Lakewood, CO. – November 2, 2018 – The Supreme Court of the United States announced today that it will review an appeals court’s ruling that public memorials prominently featuring the image of the Cross are unconstitutional.
The case is The American Legion v. American Humanist Association (No. 17-1717). The Court will decide whether a cross-shaped World War I memorial in Bladensburg, Maryland, honoring 49 local men who gave their lives in the conflict violates the Establishment Clause of the First Amendment.
Mountain States Legal Foundation wrote an amicus brief in the case on behalf of the town of Taos, New Mexico. The people of Taos have their own cross-shaped memorial honoring local soldiers—mostly Latino—who fought in the Battle of Bataan during World War II, including those who died on the Bataan Death March.
Commenting on the brief filed by MSLF, staff attorney David McDonald, who represents the Town of Taos, explained, “The people who ratified the Bill of Rights would have found the idea that a simple solemn cross honoring the nation’s war dead violated the First Amendment absurd.”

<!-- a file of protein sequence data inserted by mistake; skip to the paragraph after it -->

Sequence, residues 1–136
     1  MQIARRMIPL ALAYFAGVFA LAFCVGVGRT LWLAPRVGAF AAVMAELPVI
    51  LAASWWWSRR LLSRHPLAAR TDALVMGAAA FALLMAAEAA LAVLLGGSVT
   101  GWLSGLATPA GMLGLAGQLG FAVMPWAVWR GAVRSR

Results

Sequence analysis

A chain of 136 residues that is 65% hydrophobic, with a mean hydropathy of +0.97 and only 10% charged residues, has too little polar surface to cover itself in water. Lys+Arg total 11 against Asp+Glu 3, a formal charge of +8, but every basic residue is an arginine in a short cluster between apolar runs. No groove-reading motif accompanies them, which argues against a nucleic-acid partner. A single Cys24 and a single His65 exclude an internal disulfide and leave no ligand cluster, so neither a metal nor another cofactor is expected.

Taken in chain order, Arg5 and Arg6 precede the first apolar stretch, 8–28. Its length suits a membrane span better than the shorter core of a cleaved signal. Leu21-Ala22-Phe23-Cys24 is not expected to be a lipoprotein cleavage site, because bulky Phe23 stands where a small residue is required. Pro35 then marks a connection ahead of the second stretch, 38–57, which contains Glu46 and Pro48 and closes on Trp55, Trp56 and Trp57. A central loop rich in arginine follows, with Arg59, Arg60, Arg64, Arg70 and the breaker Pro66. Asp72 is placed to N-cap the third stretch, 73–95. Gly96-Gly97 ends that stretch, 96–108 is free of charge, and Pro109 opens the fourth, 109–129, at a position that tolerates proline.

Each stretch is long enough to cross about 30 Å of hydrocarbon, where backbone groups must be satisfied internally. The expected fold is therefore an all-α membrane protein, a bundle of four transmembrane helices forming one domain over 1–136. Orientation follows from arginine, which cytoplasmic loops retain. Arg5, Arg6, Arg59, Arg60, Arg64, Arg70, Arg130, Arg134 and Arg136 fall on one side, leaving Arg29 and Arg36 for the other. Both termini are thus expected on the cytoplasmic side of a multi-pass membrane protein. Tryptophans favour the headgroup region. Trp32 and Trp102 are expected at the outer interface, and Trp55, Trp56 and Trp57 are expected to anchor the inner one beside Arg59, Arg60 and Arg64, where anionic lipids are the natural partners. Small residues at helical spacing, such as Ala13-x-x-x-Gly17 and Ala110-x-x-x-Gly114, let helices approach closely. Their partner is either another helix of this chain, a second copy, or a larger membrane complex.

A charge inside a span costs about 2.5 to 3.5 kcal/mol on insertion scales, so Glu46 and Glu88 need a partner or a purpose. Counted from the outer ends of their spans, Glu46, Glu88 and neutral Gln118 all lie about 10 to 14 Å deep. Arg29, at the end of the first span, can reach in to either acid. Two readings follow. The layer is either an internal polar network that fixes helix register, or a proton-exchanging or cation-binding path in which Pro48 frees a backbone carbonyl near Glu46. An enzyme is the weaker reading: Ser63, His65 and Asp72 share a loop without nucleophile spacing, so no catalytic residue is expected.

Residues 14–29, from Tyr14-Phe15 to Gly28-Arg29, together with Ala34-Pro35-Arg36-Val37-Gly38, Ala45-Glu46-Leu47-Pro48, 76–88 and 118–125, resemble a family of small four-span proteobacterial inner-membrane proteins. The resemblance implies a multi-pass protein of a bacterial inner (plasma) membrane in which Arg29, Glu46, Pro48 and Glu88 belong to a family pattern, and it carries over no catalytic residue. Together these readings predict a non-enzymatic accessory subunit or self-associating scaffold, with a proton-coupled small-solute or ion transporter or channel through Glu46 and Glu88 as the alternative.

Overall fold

In 2017, Wisconsin-based Freedom from Religion Foundation wrote the Town of Taos demanding that it move the Memorial to a “more appropriate private location” or else prepare to defend a federal lawsuit.
MSLF filed the amicus brief on behalf of the Town of Taos, encouraging the court to clarify the issue in the Maryland case, in order to ward off similar attempts by anti-religion activists to remove its own war memorial.
“The Court must rule on the issue to make clear that it is not unconstitutional for communities, like Taos, to honor their war heroes with memorials that include crosses,” said Mountain States Legal Foundation president, William Perry Pendley.
Mountain States Legal Foundation, created in 1977, is a nonprofit, public-interest legal foundation dedicated to individual liberty, the right to own and use property, limited and ethical government, and the free enterprise system. Its offices are in suburban Denver, Colorado.